The 2009 film Garbage Dreams
, which is currently airing on PBS
, documents the Zabbaleen
a tribe that lives off of collecting and recycling trash from Cairo. They manage to recycle 80% of trash (vs 32% in the U.S.
), the highest level in the world, well above most first world recycling levels, using primitive techniques shown in the film. As depicted in the film, and on NPR
, since 2003 Cairo has been hiring foreign companies, who recycle much less, taking away their livelihood. They are trying to raise enough money (you can donate, buy a t-shirt or help)
to grow their Recycling school, to teach more of their children their practices. Good interview with the film director here
posted by Berkun
on May 4, 2010 -
This paper outlines the major thesis of the larger work... that US foreign policy during the Cold War was not primarily about keeping the USSR out of Western Europe, but rather about promoting the global capitalist system on a worldwide stage... Three themes—strategic, economic, ideological—are introduced in support of this argument, and applied to the 30 case studies. They lead to the conclusion that in many of these interventions the US opposed leftist Third World personalities by supporting more right-wing local clients rather than centrists who were often available. These decisions almost always proved disastrous for the local societies affected, and often even were unfortunate for longer-term American diplomatic interests.U.S. Foreign Policy in the Periphery: A 50-Year Retrospective
. Related: With Our History, Spinning America's Image Isn't Enough
posted by y2karl
on Jul 1, 2005 -
"The gap between the worlds’s rich and poor has never been wider. Malnutrition, AIDS, conflict and illiteracy are a daily reality for millions."
This seems like an interesting endeavour, with people like Nelson Mandela involved, as well. I'm a bit of a cynic about this because one of the biggest endorsements has come from Gordon Brown
. He's a known quantity
, and I wonder if this is another P.R. run to bolster his international credentials.
Oh, and there's a possibility it could be blocked
before it gathers enough steam -- so much for Soft Power
posted by gsb
on Jan 31, 2005 -
Necessity Is the Mother of Invention. (NY Times, reg. req.) Amy Smith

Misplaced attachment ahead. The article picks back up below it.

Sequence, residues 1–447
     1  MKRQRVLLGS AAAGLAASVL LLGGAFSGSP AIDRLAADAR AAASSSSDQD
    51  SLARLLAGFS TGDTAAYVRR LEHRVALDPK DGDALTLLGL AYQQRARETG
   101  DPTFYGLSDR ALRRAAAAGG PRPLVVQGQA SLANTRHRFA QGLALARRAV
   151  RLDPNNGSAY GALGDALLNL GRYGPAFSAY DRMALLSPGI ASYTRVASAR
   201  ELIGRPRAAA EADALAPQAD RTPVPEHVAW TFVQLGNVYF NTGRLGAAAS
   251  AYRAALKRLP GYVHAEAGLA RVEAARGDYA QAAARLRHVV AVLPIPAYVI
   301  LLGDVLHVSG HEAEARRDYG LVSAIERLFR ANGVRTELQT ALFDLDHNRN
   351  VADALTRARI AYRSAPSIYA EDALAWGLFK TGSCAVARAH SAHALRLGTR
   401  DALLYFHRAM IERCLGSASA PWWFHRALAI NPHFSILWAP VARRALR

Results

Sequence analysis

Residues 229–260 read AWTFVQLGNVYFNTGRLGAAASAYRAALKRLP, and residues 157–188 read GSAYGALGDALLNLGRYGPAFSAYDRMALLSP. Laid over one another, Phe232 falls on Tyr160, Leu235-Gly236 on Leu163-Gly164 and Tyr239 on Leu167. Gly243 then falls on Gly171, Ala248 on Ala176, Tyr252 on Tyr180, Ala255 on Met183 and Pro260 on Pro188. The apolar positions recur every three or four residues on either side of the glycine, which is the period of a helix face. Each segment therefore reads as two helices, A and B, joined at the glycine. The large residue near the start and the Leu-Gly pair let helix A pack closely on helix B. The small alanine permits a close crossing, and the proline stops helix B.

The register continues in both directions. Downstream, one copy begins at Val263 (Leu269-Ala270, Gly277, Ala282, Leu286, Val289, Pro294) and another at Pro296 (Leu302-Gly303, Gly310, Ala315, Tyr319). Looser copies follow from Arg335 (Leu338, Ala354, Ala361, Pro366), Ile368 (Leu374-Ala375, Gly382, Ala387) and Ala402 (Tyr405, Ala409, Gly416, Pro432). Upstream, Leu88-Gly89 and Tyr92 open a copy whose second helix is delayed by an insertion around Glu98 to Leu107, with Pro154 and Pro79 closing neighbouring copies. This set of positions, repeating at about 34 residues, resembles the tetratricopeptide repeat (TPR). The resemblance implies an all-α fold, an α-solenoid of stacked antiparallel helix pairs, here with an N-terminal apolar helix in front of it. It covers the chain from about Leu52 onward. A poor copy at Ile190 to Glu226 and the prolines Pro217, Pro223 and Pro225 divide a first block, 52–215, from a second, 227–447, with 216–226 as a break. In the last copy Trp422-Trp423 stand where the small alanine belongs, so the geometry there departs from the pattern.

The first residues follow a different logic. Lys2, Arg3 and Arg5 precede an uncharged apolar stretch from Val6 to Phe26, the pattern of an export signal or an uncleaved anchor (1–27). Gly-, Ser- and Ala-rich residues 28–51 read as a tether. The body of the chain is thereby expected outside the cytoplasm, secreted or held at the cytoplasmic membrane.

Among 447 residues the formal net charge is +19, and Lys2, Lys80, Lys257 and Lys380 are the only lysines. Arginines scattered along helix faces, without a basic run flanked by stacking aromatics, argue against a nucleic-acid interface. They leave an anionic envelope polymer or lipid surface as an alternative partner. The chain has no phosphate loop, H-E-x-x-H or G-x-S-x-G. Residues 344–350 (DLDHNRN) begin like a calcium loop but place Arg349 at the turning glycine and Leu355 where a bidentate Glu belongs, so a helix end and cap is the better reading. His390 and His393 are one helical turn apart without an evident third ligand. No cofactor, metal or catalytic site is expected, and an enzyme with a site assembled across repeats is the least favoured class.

teaches MIT students about the politics of delivering technology to poor nations and the nitty-gritty of mechanical engineering and helped start the IDEAS competition
; she herself designed (among other things) a screenless hammer mill
suited to third-world conditions and using "materials available to a blacksmith in Senegal."
Smith's entire life is like one of her inventions, portable and off the grid. At 41, she has no kids, no car, no retirement plan and no desire for a Ph.D. Her official title: instructor. ''I'm doing exactly what I want to be doing. Why would I spend six years to get a Ph.D. to be in the position I'm in now, but with a title after my name? M.I.T. loves that I'm doing this work. The support is there. So I don't worry.''...
Likewise, the inventors who most inspire her will never strike it rich. ''There are geniuses in Africa, but they're not getting the press,'' she says. She gushes about Mohammed Bah Abba, a Nigerian teacher who came up with the pot-within-a-pot system. With nothing more than a big terra-cotta bowl, a little pot, some sand and water, Abba created a refrigerator -- the rig uses evaporation rather than electricity to keep vegetables cool. Innovations that target the poorest of the poor don't have to be complicated to make a big difference. The best solution is sometimes the most obvious.
A rare optimistic story for these downbeat times.
posted by languagehat
on Dec 3, 2003 -
Just because we can we should?
Is this another case of rabid technology or will it really be useful? Can't the $225 per playstation-console be used to oh, say... clean up their water... or.. send a real life human being to their country to properly educate them?
posted by tsidel
on Jul 6, 2001 -